In my last post, I addressed how Federal Communications Commission Chairman Ajit Pai isn’t really preventing robocalls with his new draft Order to classify both SMS text messaging and short codes as Title I “information services.” Now I will discuss the potential consequences for such a maneuver, and why doing so could send consumer protections tumbling down.
In December 2007, Public Knowledge filed a Petition For Declaratory Ruling asking the Federal Communications Commission to clarify that both SMS text messaging and short codes are “Title II” telecommunications services. Put another way, we asked the FCC to reaffirm the basic statutory language that if you use telephones and the telephone network to send information from one telephone number to another, it meets the definition of “telecommunications service” (47 U.S.C. 153(53)).
Last week, the Federal Election Commission (FEC) released an advisory opinion clearing the way for campaign donations via text message. This is a positive step. However, the opinion raises some interesting questions about just how much control wireless carriers are going to have over which campaigns get to raise money via text message – and what happens when a candidate takes a policy position against the carriers.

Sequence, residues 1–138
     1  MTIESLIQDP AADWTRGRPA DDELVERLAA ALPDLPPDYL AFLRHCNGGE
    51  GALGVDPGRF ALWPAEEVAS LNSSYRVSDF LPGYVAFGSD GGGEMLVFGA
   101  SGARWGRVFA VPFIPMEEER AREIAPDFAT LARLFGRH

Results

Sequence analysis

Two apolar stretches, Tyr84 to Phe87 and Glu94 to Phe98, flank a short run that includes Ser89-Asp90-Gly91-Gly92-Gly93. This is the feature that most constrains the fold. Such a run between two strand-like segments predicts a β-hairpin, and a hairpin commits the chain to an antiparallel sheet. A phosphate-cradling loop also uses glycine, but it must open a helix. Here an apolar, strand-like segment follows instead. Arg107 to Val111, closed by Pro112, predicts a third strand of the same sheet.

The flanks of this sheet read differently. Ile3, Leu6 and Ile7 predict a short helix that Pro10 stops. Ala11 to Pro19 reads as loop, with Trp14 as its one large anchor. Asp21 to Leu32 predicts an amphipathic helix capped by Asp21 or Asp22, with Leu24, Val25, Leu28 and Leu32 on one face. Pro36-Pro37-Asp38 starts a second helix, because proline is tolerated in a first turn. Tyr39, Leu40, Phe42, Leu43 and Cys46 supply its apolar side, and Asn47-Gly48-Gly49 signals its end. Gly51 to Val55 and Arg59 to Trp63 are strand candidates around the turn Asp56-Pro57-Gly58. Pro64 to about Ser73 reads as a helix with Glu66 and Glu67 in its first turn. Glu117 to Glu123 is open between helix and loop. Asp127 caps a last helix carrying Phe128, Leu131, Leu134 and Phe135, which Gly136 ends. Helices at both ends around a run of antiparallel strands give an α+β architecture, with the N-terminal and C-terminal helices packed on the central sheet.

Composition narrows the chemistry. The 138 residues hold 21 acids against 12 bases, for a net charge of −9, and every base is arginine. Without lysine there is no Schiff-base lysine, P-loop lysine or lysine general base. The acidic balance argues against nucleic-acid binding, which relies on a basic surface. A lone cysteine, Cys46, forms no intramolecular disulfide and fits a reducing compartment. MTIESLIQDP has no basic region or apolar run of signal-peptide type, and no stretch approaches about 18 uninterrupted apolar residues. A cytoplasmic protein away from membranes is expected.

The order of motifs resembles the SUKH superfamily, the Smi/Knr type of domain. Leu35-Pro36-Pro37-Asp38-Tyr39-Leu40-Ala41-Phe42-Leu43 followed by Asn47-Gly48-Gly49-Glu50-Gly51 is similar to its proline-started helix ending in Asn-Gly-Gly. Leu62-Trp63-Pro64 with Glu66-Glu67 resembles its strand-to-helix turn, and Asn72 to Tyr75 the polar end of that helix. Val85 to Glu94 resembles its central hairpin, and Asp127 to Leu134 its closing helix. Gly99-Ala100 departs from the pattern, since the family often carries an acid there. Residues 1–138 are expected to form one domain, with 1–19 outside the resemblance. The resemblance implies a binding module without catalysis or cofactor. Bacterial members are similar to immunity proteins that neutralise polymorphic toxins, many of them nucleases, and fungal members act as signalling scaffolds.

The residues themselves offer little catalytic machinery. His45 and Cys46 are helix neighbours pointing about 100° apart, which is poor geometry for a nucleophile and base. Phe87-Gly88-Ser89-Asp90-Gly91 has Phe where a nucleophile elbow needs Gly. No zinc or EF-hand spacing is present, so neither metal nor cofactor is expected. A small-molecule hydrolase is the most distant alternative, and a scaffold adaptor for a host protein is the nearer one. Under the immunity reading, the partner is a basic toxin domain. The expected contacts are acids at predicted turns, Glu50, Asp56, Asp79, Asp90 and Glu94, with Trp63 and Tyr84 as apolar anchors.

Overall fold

Word broke yesterday that carriers are dragging their feet on text-to-donate for political campaigns. The Obama and Romney campaigns and their supporters find themselves completely at the mercy of the wireless carriers. If those carriers decide not to let people donate to political campaigns via text message there is not a lot that can be done about it.
While the Obama and Romney campaigns' attempt to use text messaging is currently playing out at the FEC, this all comes back to the FCC. After all, even if the campaigns win at the FEC, the carriers can still simply refuse to carry the campaigns. And the fault for that is squarely on the FCC.